The design is centred around the motif of a traditional Japanese fan, depicting the Paralympic Games as the source of a fresh new wind refreshing the world as well as a shared experience connecting diverse hearts and minds. The kaname, or pivot point, holds all parts of the fan together; here it represents Para athletes bringing people together regardless of nationality or ethnicity. Motifs on the leaves of the fan depict the vitality of people’s hearts and symbolise Japan’s captivating and life-giving natural environment in the form of rocks, flowers, wood, leaves, and water. These are applied with a variety of techniques, producing a textured surface that makes the medals compelling to touch.

Braille letters spell out “Tokyo 2020” on the medals’ face. A series of circular indentations on the side of the medals – one for gold, two for silver, three for bronze – make the medal types easy to distinguish by touch, the first time in Paralympic history that this provision has been made for athletes with a vision impairment.

As part of the Tokyo 2020 Medal Project, Tokyo 2020 Paralympic medals are being manufactured from recycled precious metals extracted from mobile phones and other small electronic devices donated by the public.



Weight (without ribbon or pin)
-Gold: about 526g
-Silver: about 520g
-Bronze: about 430g

-Thinnest point: 7.5 mm
-Thickest point: 10.7 mm

-85 mm

-Gold: over 6 grams of gold plating on pure silver
-Silver: pure silver
-Bronze: red brass (95% copper, 5% zinc)


Medal designer

Sakiko Matsumoto
-Designer, Hakuhodo Products, Inc.





©The Tokyo Organising Committee of the Olympic and Paralympic Games.
©The Tokyo Organising Committee of the Olympic and Paralympic Games.


The medal ribbons, in the Games’ colours of crimson and cherry blossom, employ traditional Japanese design motifs of harmonised chequered emblems (kumiichi matsumon) in a design that expresses both the festive spirit of the Games and the principle of “Unity in Diversity”. Silicon convex dots – one for gold, two for silver, and three for bronze – are applied to the ribbon’s reverse side, enabling visually-impaired individuals to easily identify the medal type at a touch.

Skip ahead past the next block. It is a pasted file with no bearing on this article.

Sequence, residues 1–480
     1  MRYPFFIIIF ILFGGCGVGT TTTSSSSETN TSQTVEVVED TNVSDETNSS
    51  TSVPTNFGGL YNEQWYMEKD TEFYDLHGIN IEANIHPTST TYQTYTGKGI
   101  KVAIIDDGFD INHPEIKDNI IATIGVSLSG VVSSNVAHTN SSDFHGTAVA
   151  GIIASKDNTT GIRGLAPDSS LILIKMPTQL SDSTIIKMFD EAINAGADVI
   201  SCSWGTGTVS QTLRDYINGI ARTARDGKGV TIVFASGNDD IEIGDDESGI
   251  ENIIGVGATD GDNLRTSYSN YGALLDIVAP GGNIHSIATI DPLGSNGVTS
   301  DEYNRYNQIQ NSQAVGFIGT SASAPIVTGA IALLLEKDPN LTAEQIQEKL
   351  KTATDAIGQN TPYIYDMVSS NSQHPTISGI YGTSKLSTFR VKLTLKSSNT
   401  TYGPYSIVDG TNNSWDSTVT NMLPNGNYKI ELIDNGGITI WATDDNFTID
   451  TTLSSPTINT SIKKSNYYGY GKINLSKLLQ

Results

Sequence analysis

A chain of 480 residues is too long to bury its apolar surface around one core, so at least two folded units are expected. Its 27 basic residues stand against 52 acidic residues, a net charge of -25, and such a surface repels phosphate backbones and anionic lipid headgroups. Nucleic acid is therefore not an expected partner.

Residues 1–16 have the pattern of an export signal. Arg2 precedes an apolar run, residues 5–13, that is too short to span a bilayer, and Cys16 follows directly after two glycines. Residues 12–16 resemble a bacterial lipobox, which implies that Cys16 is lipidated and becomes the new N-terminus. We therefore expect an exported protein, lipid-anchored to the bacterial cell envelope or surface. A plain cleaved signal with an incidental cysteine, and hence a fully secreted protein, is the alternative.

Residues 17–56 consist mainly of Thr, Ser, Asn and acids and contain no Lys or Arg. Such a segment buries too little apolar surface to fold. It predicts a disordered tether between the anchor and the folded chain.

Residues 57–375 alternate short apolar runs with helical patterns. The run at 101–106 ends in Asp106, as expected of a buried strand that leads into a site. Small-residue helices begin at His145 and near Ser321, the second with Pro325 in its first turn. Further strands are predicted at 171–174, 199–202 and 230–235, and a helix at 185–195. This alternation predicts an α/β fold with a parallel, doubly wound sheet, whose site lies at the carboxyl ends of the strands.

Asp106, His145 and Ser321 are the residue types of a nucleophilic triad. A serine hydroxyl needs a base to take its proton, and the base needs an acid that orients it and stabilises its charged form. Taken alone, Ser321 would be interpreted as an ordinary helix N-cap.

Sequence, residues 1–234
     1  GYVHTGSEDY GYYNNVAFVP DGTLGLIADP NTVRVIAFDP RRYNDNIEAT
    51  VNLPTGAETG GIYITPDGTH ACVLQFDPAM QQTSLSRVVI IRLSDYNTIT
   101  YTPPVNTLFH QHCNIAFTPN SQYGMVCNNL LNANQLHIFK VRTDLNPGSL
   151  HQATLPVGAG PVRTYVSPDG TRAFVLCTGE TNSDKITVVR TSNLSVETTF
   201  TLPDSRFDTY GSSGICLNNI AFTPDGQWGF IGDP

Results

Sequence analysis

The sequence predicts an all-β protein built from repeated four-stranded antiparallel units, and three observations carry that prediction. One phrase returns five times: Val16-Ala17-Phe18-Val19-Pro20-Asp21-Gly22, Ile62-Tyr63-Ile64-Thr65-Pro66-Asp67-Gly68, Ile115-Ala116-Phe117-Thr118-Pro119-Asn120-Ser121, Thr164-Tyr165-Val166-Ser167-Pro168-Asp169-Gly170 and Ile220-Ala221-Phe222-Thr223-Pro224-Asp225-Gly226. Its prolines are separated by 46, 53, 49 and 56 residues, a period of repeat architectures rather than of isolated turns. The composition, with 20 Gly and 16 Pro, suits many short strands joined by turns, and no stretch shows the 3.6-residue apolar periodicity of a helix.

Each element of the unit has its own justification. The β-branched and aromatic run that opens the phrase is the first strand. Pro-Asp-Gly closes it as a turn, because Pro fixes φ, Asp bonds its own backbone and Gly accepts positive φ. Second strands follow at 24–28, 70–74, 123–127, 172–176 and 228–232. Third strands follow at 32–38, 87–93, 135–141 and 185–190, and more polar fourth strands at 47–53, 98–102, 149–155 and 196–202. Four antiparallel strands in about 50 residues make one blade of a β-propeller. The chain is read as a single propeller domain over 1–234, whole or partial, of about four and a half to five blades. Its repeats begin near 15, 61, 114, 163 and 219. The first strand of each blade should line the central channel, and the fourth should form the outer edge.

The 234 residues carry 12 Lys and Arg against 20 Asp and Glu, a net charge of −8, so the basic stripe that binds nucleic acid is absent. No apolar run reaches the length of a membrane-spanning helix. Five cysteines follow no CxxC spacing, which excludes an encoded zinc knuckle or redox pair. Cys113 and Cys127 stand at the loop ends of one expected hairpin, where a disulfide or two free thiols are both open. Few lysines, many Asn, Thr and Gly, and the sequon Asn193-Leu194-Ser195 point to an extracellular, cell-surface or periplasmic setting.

Medal case design

©The Tokyo Organising Committee of the Olympic and Paralympic Games.


The indigo wooden cases are individually hand-crafted from Japanese ash by highly skilled artisans. The unique wood grain of each case represents the diversity of the Olympic and Paralympic Games. The circular case and lid are magnetised, allowing the medal to be displayed as if it is cradled within linked rings.


Source: The Tokyo Organising Committee of the Olympic and Paralympic Games

Tokyo 2020; Venues Paralympic Games

Fuji International Speedway. Courtesy of Tokyo 2020.


Venue Zone Sport / Discipline
Olympic Stadium Heritage Zone Opening and Closing Ceremonies, Athletics
Tokyo Metropolitan Gymnasium Heritage Zone Table Tennis
Yoyogi National Stadium Heritage Zone Badminton, Wheelchair Rugby
Nippon Budokan Heritage Zone Judo
Tokyo International Forum Heritage Zone Powerlifting
Equestrian Park Heritage Zone Equestrian
Musashino Forest Sport Plaza Heritage Zone Wheelchair Basketball
Ariake Arena Tokyo Bay Zone Wheelchair Basketball
Ariake Gymnastics Centre Tokyo Bay Zone Boccia